In a move likely to help free up salary cap space, yet shocking nonetheless, the Seattle Seahawks terminated the contracts of stars Doug Baldwin and Kam Chancellor on Thursday due to failed physicals.
Chancellor is not unexpected, having last played in uniform in 2017 before a neck injury permanently sidelined his career. Baldwin also doesn’t come as a complete surprise as word he was considering retirement garnered some of the biggest talk on the Friday of last month’s NFL Draft.
The official confirmation still feels like the proverbial pile of bricks.
In this offseason alone, Baldwin had undergone surgery for his knee, his shoulder, and for a nagging sports hernia. The prognosis was he was looking at about 8 weeks of recovery time at the point when Seahawks general manager John Schneider broke the stunning news the 30-year-old wide receiver was considering retirement.
By the Seahawks terminating his contract, Baldwin doesn’t have to repay any of the signing bonus money for his last contract. In addition, Bob Condotta of the Seattle Times points out he is eligible to receive $1.2 million in injury protection payout that he would’ve forfeited if he had retired. In total, both moves free up about $32.1 million in cap space for the next two seasons with $9.1 million alone in 2019.
Baldwin had success in his college career at Stanford, including leading the team in receiving yards and touchdown receptions his senior year. It came as a surprise to him when he went undrafted in the 2011 NFL Draft. The Seahawks would sign him to a three-year contract.
That slight led Baldwin to play with a chip on his shoulder that fired his intensity, earning him the nickname Angry Doug Baldwin. He quickly became a fan favorite, and he would not only finish fourth in the league in rookie reception yards his first season, but became the first undrafted player to lead his team in receptions and receiving yards since the NFL merged with the AFL in 1970.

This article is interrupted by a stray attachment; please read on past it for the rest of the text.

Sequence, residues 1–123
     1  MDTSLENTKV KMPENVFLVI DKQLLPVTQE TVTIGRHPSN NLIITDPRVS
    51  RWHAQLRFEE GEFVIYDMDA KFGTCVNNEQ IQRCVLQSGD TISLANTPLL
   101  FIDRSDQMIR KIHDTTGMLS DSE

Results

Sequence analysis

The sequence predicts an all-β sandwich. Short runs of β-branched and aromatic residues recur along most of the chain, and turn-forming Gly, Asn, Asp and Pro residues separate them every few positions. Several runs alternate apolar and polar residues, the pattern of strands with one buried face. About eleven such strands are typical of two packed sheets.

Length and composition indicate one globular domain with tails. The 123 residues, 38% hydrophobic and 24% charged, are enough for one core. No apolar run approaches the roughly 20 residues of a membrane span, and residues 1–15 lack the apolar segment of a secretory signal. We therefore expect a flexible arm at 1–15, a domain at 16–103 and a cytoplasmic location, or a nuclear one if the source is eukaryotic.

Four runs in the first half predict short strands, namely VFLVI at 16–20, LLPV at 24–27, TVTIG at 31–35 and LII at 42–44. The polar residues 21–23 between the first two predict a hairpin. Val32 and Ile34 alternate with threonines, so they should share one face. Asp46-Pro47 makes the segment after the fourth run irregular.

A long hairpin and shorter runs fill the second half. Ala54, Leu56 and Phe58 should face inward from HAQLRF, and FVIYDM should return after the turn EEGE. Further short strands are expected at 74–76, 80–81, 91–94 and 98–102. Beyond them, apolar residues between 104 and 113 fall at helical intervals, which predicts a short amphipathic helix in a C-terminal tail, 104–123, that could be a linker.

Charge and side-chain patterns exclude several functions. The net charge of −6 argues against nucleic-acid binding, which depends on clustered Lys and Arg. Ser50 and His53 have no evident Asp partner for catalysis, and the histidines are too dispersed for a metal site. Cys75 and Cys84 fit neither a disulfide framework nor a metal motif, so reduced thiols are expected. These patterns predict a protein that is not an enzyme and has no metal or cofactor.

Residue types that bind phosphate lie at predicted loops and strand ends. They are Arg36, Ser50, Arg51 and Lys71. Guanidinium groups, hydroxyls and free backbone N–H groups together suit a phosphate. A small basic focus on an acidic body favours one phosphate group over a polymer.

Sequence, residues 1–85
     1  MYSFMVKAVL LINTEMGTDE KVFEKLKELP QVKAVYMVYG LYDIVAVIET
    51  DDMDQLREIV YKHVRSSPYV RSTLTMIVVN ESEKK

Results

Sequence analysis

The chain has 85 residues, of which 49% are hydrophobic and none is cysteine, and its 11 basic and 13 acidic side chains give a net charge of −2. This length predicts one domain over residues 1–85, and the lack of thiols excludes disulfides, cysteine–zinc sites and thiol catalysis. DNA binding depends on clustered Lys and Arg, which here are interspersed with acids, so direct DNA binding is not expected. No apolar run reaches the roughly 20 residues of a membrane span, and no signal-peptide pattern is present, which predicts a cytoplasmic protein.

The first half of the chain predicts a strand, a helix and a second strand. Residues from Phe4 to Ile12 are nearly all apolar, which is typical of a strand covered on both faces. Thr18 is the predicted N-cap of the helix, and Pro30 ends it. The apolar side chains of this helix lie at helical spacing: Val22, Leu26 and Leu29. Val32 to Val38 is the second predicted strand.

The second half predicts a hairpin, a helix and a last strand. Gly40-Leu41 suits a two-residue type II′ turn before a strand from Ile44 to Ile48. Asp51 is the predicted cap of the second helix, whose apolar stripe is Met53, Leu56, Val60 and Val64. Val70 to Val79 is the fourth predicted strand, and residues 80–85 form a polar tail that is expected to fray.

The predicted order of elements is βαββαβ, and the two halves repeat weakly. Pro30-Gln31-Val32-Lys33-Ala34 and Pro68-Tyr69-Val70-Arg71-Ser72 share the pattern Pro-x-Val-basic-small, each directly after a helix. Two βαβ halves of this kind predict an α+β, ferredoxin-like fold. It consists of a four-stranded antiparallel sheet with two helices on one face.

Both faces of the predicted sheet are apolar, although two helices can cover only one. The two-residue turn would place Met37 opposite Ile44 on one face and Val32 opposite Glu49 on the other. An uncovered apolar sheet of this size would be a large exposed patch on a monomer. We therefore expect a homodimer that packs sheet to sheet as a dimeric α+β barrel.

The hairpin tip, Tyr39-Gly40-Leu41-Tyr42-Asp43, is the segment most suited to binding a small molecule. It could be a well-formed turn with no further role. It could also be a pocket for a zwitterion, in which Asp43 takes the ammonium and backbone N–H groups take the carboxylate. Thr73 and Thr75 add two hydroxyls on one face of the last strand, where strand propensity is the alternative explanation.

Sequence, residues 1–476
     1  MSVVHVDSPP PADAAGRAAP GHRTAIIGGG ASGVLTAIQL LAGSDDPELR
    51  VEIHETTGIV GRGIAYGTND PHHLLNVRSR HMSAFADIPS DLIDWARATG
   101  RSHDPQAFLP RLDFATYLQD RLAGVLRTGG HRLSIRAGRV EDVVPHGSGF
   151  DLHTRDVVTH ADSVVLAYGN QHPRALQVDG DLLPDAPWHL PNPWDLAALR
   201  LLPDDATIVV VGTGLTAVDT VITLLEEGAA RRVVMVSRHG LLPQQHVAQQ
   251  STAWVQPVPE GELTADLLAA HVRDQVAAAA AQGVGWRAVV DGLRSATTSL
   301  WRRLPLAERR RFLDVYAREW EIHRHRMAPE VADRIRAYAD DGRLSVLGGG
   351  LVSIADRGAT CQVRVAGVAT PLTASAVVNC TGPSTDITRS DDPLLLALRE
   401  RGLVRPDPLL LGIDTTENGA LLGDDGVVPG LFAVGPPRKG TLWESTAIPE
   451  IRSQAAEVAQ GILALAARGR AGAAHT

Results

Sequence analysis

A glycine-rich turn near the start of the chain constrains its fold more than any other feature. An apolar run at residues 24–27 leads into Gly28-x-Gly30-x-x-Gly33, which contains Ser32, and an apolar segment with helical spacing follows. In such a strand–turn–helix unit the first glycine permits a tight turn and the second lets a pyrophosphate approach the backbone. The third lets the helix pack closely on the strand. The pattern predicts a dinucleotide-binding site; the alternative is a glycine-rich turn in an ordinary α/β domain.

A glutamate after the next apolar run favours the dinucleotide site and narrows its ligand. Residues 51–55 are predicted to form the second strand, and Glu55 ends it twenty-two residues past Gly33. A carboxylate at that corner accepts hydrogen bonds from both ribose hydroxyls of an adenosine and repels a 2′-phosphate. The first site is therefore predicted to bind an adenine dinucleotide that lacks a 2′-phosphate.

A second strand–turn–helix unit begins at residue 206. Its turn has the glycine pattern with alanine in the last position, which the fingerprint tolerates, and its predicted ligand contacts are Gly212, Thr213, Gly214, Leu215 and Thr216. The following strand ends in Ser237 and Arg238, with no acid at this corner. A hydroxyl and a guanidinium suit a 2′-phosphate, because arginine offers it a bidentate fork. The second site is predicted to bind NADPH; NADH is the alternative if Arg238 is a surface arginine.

In the 2013 season, the year the Seahawks won their first Super Bowl, Baldwin gained prominent attention by calling out analyst and Hall-of-Fame wide receiver Cris Carter over criticism of the Seahawks’ receiving corps as “pedestrian” and “average”. In 2015, he would become the first Seahawks receiver in eight years to gain over 1,000 receiving yards on the season. He would lead the NFL with 14 touchdowns. He’d have a second 1,000+-yard season the following year, and he was elected to the Pro Bowl in 2016 and 2017.
Baldwin would also have a huge impact off the field. He became an outspoken critic of police abuse of force and power. Not content to just speak out and protest, he became actively involved in the political discussions around police reform, testifying before Washington state congress and engaging in conversations with various police groups. He would eventually put his name and face, as well as financial support, behind a ballot initiative regarding de-escalation training and education for police officers that passed in November 2018.
In the end, Baldwin finishes his eight-season Seattle career as one of the best to suit up at his position for the team. His 493 receptions placed him third all-time on the Seahawks’ list, as does his 6,563 yards. His 49 touchdowns puts him second behind Hall-of-Famer Steve Largent.
For many, though, his fiery spirit and his sly but level, assassin-like media presence came to typify the Seahawks during the dominant period of the Legion of Boom era.